D. CAVERNS. This set of terraces leads to a series of natural caverns. These caverns are left unmapped so the DM can create his or her own special encounter areas. Many cave· dwelling creatures might live here, and there may be exits up to the plateau. E. WEAK CRUST. This section of trail is actually nothing but a weak crust over a hot spring. Unless the path ts probed first, the lead character will break the surface. The character will drop into the hot water. suffering 1-10 points of damage the first round and 1-8 points each round until rescued. The crust will be crumbling and dangerous around the edges and characters will not be able to come closer than 5' to the edge without also falling in. Ropes, poles, and rescue techniques like those used on thin ice may be used to save the character.

When the characters are moving about the floor of this cavern, there is a 1 in 6 chance per turn that one of the following events will happen (roll ld6): 1. mudpot bursts, spraying random party member with hot mud (1·3 points of damage) 2. geyser sprays random party member with hot steam (1-4 points of damage) 3. cloud of steam from hot springs covers 10' diameter area, blinding all within it for 1-4 rounds (randomly determine which member it centers upon) 4. boiling water splashes random party member (1 -3 points of damage) 5. gas bubble bursts near random party member: save vs. Poison or be nauseated for 1 round (no action may be taken) 6. small tremor shakes the cavern

F. THE HIDDEN THRONE. Set on the topmost terrace, direct· ly under a dripping stalactite, is a throne. On the throne sits a grinning skeleton. Mineral-rich waters, falling from the ceiling over many years, has encrusted the skeleton and throne, hid· ing all but the most general features. In front of the throne (and hard to see under the mineral crust) is a sword. On the skeleton's finger is a ring, similarly concealed. They are entirely ordinary in appearance. The ring is a ring of telekinesis and the sword is a sword + 2, charm person ability (non-intelli· gent).

A. THE MINERAL TERRACE. This terrace leads to the stairs to level 2. If characters have been washed down these stairs, they will be able to stop themselves here. The terrace is white with calcium deposits and hot enough to be painful, but not damaging. All terraces are somewhat slippery and there is a 1 in 10 chance of slipping if care is not taken. The characters will attack at .3 to hit and defend at -3 (3 AC worse) due to the wet, unsure footing and have a 10% chance per round of slip· ping. Characters who slip will lose at least one melee round while they stand, and may even slip off the terrace (at the DM's option) .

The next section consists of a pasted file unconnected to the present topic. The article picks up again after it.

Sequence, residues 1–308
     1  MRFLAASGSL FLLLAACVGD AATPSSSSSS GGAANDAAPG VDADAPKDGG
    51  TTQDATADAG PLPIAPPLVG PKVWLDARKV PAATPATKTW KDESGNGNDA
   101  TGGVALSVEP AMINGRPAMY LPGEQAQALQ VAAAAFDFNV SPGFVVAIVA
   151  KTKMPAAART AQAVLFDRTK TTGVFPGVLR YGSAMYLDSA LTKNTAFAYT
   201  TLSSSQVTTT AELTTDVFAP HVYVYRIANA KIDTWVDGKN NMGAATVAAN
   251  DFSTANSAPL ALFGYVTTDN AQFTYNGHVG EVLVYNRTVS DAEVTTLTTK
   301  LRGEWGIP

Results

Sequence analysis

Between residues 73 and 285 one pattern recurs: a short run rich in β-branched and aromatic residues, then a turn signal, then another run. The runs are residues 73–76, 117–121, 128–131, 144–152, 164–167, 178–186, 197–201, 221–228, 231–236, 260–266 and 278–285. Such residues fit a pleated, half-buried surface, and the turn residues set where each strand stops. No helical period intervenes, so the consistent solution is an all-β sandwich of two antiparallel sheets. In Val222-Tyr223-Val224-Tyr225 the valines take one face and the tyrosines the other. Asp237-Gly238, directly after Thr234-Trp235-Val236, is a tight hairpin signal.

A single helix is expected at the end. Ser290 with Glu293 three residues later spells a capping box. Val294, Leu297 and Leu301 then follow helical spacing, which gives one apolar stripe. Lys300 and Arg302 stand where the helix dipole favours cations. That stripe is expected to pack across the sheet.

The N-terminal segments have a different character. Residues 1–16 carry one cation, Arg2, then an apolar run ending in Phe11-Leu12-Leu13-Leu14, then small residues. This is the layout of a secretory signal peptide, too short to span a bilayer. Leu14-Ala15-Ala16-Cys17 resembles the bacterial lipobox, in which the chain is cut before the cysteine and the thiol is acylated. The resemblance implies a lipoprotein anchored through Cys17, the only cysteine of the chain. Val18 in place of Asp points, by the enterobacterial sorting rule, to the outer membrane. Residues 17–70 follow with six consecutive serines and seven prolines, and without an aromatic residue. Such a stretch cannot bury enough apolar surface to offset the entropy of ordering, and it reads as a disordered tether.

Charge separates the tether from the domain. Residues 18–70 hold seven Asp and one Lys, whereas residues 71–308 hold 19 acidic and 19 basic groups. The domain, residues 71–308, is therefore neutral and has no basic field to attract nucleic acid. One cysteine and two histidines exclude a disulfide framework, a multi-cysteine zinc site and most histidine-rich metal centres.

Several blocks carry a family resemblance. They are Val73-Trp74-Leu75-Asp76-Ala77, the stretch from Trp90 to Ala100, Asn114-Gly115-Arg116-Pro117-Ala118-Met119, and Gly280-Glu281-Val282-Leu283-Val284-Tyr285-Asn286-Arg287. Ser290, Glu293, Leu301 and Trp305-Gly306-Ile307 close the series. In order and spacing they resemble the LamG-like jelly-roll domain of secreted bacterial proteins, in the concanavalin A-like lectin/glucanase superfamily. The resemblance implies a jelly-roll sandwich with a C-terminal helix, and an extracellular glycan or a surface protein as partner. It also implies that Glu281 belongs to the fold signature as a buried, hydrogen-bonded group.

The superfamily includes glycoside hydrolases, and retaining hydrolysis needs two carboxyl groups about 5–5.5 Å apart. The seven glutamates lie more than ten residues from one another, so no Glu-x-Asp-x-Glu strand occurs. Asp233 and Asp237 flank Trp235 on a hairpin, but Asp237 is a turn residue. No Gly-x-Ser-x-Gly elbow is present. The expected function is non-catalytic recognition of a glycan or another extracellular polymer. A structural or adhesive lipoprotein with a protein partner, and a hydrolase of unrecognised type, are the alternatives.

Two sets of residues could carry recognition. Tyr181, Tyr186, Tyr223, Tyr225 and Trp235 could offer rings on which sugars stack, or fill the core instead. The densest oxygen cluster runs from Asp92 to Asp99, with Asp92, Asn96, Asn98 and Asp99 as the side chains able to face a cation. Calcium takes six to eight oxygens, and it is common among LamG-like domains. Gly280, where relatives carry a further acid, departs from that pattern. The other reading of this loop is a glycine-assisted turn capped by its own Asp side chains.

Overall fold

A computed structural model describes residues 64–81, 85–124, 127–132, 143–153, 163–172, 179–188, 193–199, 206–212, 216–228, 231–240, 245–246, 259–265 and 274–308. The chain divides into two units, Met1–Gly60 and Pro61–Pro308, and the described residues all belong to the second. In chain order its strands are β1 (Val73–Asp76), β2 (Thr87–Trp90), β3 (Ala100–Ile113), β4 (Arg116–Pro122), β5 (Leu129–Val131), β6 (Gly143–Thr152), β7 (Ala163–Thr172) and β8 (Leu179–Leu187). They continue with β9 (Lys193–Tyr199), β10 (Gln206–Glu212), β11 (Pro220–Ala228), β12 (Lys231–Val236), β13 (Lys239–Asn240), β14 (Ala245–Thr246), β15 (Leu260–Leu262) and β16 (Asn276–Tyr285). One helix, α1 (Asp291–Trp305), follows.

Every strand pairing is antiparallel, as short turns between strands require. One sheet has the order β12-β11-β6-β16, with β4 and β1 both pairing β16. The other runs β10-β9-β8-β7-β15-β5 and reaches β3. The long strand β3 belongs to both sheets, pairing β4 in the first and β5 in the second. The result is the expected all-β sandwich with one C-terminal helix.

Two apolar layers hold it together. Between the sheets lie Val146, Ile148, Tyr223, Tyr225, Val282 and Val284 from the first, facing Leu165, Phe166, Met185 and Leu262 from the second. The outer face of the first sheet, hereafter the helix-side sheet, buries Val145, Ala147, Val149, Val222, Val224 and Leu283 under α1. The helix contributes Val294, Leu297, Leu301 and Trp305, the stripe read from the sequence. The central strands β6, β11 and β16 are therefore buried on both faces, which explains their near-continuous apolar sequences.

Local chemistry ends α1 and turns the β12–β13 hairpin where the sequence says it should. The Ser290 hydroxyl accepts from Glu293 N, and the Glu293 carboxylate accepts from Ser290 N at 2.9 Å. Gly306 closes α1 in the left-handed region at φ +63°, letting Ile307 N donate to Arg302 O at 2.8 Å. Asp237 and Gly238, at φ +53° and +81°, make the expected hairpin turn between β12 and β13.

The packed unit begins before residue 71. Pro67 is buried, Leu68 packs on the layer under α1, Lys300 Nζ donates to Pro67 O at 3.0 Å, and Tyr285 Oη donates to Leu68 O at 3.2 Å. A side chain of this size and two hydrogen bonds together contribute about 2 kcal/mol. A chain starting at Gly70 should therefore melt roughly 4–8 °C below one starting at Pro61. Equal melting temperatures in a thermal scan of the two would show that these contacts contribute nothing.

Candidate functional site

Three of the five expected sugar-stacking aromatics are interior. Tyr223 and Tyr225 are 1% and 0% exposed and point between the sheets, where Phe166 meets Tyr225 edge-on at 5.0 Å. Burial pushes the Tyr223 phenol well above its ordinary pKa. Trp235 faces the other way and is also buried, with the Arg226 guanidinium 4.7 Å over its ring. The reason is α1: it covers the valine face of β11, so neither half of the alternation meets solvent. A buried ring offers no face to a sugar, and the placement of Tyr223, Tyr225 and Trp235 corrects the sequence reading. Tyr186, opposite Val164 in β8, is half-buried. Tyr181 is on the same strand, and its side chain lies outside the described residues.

Further Adventures On The Isle of Dread Since this module gives a great deal of detail on the Isle of Dread. the DM may desire to use the locations and descriptions found herein after the main adventure has been played. To aid the DM in this, some suggestions for further adventures on the Isle of Dread are listed below. Each is accompanied by a short description of how the adventure might be handled.

8 . THE KOPRU. In the bubbling mud at each location is a con· cealed kopru (two total: AC 3, HD 8+4, hp 44, 49. #AT 2, D 1-4/3-18 or charm, MV 150' (50'), Save F9, ML 9, AL C). They are amphibious humanoids who dwell in the hot geyser pools.

1. Destroy the Zombie Master. This is a short adventure suit· able for use before the characters venture inland for the first time. The village of Tanaroa has been plagued recently by the attacks of undead creatures. The villagers are frightened and the tribal leader seems to be losing the authority necessary to maintain order. If questioned, the people will only speak in frightened terms of the Zombie-Master. At night zombies and ghouls will prowl the paths, killing lone travellers.